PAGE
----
dmark1867 5 years ago
Thanks for the comments and questions
I need to get some better pics.

Here is what I have setup:

I have a Manfrotto 026 Swivel Lite-Tite Umbrella Adapter connected to my light stand. Connected to that is a small piece of copper pipe that I cut (maybe around 6 to 9 inches), I wrapped this with black electrical tape to make it a little more aesthetically pleasing.

This piece of wrapped copper pipe then goes in through the bottom center of the apollo softbox and goes into the Paul C. Buff Baby Boomer Offset Arm.

The other end of the of the offset arm goes into Manfrotto 014-14 Rapid Adapter, which goes into the bottom of the Dual Flash Mount Umbrella Riser.

I had to use a hack saw to cut around 3/8" of the thread off of the Manfrotto 014-14 Rapid Adapter so it would screw completely into the buttom of the Thumbscrew that connects to the umbrella riser.

I screwed the thread that I cut off of the Manfrotto adapter into the bottow of the umbrella riser and then screwed a 1/2 threaded coupling nut to that so that the umbrella riser would be around 1 1/2 higher. This way the flash sits centered while using the Pixel Componor which is mounted to the bottom of my flash. I got some tubing from lowes to put over the coupling nut and the connected riser tube just to get a little bit of a cleaner look.

I also needed to use a washer between the Manfrotto 014-14 Rapid Adapter and the buttom of the thumbscrew because even though the threads on the manfrotto adapter were cut shorter there was still a small gap between the two pieces. The washer elimated the gap and made the connection feel much more solid.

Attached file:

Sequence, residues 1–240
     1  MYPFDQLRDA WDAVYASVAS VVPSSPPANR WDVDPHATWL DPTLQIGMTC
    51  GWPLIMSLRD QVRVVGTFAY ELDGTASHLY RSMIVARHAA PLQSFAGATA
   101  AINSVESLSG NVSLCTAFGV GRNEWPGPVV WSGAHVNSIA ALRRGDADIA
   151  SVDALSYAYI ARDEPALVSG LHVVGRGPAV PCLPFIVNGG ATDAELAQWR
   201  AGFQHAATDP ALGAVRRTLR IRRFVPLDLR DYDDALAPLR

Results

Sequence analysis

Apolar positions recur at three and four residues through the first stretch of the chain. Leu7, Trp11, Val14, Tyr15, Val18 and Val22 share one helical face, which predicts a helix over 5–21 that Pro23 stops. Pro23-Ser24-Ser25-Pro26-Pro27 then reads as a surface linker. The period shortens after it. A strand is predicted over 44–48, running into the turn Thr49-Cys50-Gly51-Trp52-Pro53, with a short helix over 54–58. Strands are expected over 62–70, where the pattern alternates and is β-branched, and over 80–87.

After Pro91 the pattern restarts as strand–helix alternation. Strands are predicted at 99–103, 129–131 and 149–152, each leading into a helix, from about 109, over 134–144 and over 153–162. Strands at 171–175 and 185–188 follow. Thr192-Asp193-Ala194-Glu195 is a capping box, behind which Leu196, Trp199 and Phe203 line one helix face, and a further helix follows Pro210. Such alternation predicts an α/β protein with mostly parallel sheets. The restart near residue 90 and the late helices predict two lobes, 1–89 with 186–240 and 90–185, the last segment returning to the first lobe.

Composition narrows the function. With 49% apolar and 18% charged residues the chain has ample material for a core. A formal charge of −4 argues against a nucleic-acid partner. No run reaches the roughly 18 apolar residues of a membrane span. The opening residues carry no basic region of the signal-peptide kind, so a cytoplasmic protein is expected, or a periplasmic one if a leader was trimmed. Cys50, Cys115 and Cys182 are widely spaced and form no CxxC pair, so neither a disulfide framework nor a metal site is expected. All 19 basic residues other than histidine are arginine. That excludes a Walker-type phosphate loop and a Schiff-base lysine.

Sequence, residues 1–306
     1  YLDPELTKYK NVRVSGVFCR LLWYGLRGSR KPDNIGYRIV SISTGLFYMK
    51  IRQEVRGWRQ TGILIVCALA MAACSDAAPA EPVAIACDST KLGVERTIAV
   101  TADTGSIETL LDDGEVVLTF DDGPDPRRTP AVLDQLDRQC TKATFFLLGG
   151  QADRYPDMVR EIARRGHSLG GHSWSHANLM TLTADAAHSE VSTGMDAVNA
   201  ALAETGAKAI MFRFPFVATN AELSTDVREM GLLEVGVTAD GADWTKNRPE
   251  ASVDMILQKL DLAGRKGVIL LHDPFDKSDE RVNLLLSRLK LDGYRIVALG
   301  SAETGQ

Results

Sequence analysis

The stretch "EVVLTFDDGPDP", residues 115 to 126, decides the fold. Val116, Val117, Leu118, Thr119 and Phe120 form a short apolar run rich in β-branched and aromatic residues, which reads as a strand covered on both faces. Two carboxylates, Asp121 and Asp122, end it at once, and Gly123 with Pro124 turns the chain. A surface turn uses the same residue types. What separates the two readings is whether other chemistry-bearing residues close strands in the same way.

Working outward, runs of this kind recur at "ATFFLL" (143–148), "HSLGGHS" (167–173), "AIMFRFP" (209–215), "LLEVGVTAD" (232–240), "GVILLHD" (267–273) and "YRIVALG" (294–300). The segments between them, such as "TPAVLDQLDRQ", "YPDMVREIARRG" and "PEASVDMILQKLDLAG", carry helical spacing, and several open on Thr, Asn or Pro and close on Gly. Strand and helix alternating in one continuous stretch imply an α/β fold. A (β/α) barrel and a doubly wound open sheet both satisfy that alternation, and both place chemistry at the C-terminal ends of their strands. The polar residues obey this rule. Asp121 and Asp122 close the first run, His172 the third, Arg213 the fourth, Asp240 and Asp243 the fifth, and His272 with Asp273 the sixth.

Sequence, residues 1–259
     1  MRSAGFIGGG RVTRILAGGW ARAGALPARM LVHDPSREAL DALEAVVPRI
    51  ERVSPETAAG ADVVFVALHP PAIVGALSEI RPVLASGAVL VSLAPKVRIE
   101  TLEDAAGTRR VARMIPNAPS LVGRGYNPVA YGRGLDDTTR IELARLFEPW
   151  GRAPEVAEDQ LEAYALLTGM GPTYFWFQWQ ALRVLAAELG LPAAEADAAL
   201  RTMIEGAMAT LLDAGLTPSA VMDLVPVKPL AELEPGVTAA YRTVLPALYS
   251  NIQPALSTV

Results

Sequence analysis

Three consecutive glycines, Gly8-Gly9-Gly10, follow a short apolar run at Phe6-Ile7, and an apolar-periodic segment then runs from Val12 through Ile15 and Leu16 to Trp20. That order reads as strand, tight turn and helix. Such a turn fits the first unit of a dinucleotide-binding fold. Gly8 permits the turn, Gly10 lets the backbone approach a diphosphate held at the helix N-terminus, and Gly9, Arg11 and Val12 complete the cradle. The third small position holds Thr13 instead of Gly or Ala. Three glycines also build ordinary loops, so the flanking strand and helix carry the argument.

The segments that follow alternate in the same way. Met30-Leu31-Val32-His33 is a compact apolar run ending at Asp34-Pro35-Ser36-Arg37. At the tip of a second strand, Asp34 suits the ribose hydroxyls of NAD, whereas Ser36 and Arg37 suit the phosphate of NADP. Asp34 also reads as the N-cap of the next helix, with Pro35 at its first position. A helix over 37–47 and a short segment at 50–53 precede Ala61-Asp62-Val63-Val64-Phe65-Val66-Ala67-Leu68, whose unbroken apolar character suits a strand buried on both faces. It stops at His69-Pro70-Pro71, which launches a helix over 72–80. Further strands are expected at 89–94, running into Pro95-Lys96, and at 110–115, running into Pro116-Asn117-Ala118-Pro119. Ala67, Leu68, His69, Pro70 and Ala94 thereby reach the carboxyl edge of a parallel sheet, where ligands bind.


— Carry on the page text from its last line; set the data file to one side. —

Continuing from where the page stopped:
Regarding the grid for the Apollo 28", the part number will be 2471, and it will cost $49.90-59.90 and will be available in the next couple of months.
Midwest Photo Exchange will be the 1st to get them in stock. This info is from Jennifer @ Westcott.

Here are the links to some of the items I have purchased for this setup:

ePhoto Light Stand Sandbags

Impact Air-Cushioned Heavy Duty Light Stand

Manfrotto 026 Swivel Lite-Tite Umbrella Adapter

Westcott Apollo Speedlight Set

Paul C. Buff Baby Boomer Offset Arm

Manfrotto 014-14 Rapid Adapter - 5/8" Stud to 1/4-20" Thread

Dual Flash Mount Cold Shoes Bracket with Umbrella Riser

1/4 Threaded Coupling Nut

Pixel Componor Combined Off-camera Cable For Canon

Yongnuo YN-565EX Wireless TTL Flash for Canon w/ Diffuser Cap
Craig's Collection PRO 5 years ago
I recently pickup an Orb knockoff on eBay and am now exploring my tilt options. I like the PCB Baby Boomer, but shipping to Canada is more than the boom itself! Pretty well kills the deal.

I currently have the Manfrotto 5001B nano stand and am considering adding these to it to allow me to tilt & offer a basic boom option as needed:

Clamp: www.bhphotovideo.com/c/product/302172-REG/Manfrotto_124_1...
Boom arm: www.bhphotovideo.com/c/product/5193-REG/Manfrotto_2942_29...

or one of these two combos:

Any thoughts on these setups? Will the "Orb" and speedlight be too heavy for the arm/stand?
-craigulator- PRO 5 years ago
I have 's setup and it is very well made to say the least. With the extension arm it allows me to tilt a 43" Apollo in a full 180° arc so it can be pointed straight up or down...it's a great piece of kit.
Leo @ IM 5 years ago
An even easier way - no extra parts needed at all. Just poke the stand into the gap between the black outside fabric and the white diffuser.

Tilting the Apollo 3 by Leo @ IM

Tilting the Apollo 2 by Leo @ IM

Disclaimer : Image Melbourne sells Westcott gear here in Australia